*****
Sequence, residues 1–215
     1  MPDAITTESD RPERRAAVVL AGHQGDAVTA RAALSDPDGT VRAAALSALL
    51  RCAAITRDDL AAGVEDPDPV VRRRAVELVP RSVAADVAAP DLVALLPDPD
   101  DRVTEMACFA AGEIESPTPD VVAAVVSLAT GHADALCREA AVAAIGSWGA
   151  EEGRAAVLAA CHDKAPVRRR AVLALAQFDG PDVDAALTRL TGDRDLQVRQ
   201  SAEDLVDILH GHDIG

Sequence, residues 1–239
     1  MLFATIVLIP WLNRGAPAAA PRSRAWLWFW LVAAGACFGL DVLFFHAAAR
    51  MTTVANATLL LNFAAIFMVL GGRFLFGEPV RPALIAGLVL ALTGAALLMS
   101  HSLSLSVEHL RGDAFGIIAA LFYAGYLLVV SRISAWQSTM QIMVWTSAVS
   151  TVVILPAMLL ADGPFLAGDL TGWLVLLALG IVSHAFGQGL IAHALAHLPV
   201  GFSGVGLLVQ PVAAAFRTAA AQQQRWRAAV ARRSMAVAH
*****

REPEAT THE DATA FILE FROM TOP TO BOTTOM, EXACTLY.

Sequence, residues 1–215
     1  MPDAITTESD RPERRAAVVL AGHQGDAVTA RAALSDPDGT VRAAALSALL
    51  RCAAITRDDL AAGVEDPDPV VRRRAVELVP RSVAADVAAP DLVALLPDPD
   101  DRVTEMACFA AGEIESPTPD VVAAVVSLAT GHADALCREA AVAAIGSWGA
   151  EEGRAAVLAA CHDKAPVRRR AVLALAQFDG PDVDAALTRL TGDRDLQVRQ
   201  SAEDLVDILH GHDIG

Sequence, residues 1–239
     1  MLFATIVLIP WLNRGAPAAA PRSRAWLWFW LVAAGACFGL DVLFFHAAAR
    51  MTTVANATLL LNFAAIFMVL GGRFLFGEPV RPALIAGLVL ALTGAALLMS
   101  HSLSLSVEHL RGDAFGIIAA LFYAGYLLVV SRISAWQSTM QIMVWTSAVS
   151  TVVILPAMLL ADGPFLAGDL TGWLVLLALG IVSHAFGQGL IAHALAHLPV
   201  GFSGVGLLVQ PVAAAFRTAA AQQQRWRAAV ARRSMAVAH